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Don’t make this catcher mistake

The 2021 fantasy baseball draft season is upon us, and with its arrival comes a variety of strategies to test out and employ.

Drafting with position scarcity in mind is something we see every year, and though the catcher position is routinely linked to the strategy, the belief that you need to draft one of the top backstops early is a mistake. If you have been leaning in that direction, it’s time to change gears before you fall over.

In fantasy football, position scarcity has people drafting No. 1-ranked tight end Travis Kelce early because, in securing him, you are obtaining a significant advantage over your opposition. His production dwarfs that of anyone else at his position and on a 10-man roster in a weekly matchup, the impact is huge. The same cannot be said regarding the No. 1 catcher, J.T. Realmuto.

There is plenty to love about Realmuto from a fantasy perspective. His three-year average has him as a .273 hitter with 25 home runs and 81 RBIs. The numbers are strong, but does drafting him in the fourth or fifth round over a 40-homer Pete Alonso or a 200-strikeout Lance Lynn still give you an advantage? Not when you understand it’s just one-fourteenth of your overall team production or when you see what you can get at the position several rounds later.

Casting aside 2020 data, we can look at a number of backstops who not only hit 20 or more home runs, but also hit .270 or better in 2019 and can be obtained at a much lower cost. Willson Contreras, Mitch Garver, Christian Vazquez and Omar Narvaez immediately stand out.

JT Realmuto
JT Realmuto
Getty Images

You also have players such as Yasmani Grandal and Roberto Perez, who matched the power, but fell short on the batting average, or James McCann and Travis d’Arnaud, who posted strong averages, but hit for slightly less power. That’s already eight players who can provide similar numbers at a fraction of the cost, and we’re just scratching the surface.

If Realmuto was a .300-30-100 player, the conversation would certainly be different. He’s a great player but he isn’t performing at a level that leaves your opposition in the dust. If his production can be matched 10 rounds later, you’re better off using that early pick on an elite arm or a bigger bat at another position. Leave your catchers for later.

Howard Bender is the VP of operations and head of content at FantasyAlarm.com. Follow him on Twitter @rotobuzzguy and catch him on the award-winning “Fantasy Alarm Radio Show” on the SiriusXM fantasy sports channel weekdays from 6-8 p.m. Go to FantasyAlarm.com for all your fantasy football advice.

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Mets star Pete Alonso opens up on why he quit social media

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Mets star Pete Alonso opens up on why he quit social media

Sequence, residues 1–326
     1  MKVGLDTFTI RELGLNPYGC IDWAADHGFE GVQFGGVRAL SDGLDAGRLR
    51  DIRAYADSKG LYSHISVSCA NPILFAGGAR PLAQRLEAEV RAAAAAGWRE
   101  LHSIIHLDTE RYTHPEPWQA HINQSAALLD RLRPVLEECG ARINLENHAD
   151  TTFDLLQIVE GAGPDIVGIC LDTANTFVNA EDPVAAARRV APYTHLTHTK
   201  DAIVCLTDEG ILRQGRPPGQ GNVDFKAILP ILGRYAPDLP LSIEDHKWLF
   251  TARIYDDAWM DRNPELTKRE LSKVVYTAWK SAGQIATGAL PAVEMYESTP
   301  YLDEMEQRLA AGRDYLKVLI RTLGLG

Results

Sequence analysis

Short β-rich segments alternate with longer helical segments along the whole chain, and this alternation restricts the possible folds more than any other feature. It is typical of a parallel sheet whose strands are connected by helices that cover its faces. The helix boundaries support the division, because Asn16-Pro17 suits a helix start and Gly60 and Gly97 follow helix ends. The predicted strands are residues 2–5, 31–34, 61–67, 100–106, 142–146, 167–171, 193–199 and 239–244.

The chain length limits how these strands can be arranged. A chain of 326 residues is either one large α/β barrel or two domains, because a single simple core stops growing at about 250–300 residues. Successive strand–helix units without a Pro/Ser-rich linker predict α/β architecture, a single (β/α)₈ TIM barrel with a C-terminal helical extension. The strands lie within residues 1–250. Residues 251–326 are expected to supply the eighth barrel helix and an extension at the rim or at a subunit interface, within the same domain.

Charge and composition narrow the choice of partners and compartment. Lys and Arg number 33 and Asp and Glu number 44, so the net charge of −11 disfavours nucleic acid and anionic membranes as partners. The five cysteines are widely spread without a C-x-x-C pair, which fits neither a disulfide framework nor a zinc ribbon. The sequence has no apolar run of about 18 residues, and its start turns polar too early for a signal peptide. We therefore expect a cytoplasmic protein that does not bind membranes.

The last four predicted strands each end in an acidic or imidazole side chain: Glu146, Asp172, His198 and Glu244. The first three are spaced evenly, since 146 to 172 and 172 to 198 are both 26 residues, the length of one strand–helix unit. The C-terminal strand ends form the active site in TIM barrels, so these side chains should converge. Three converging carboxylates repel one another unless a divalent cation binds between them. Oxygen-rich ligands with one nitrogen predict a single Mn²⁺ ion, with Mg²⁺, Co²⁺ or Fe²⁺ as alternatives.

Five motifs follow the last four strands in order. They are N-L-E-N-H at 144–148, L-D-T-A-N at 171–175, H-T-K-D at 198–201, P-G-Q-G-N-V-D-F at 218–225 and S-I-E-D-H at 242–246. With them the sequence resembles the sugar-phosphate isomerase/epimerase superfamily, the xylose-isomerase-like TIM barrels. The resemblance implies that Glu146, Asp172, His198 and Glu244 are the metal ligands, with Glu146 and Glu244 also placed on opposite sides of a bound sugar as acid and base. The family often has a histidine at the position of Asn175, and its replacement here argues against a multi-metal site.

PORT ST. LUCIE — Pete Alonso wasn’t the only big voice in the Mets organization to deactivate his social media accounts over the offseason.

But the first baseman going dark on Twitter and Instagram had nothing to do with the aftermath of a stock market saga, which was the reason owner Steve Cohen ditched Twitter, and everything to do with a new outlook on life away from a screen.

“I think that real life is just absolutely fantastic and for me, I think life is a blessing, it’s something that I feel like a lot of people, sometimes including myself, take for granted,” Alonso said Friday after a workout. “And I want to spend every second soaking in every single day because every single new day is a blessing, and I feel like especially in wake of what happened last year, there’s a lot of things that I feel like were taken for granted.

“In 2019, if you see everybody wearing this mask, you kind of scratch your head and just be like, ‘Whoa, what’s going on?’ But there’s a lot of new social norms that are in place now that we took for granted. I think for me, I just want to be appreciative of every single day. I want to live in real life.”

Alonso had been one of the more active Mets interacting with fans through social media, especially during his Rookie of the Year season in 2019, when he adopted “#LFGM” as the team’s new rallying cry.

Though he will no longer be in touch with fans online, Alonso is very much looking forward to welcoming them back in person at Citi Field this season. After playing at an empty stadium in 2020 because of COVID-19 restrictions, the Mets are expected to have at least a portion of Citi Field open to fans when the 2021 season begins.

“Playing on TV is absolutely fantastic, but being there in person where one swing of the bat or making a diving play or striking somebody out, you can make that many people in person smile, stand, clap, cheer, yell even just by doing something,” Alonso said, with a big smile breaking out. “Once I heard 40,000 people at Citi Field go absolutely bonkers, that’s an adrenaline rush that I’m addicted to.

“I can’t wait until it’s packed out again like that. If it’s 25 percent, 30 percent, I can’t wait to hear people cheer again in person. For me, it’s addicting, and I love it.”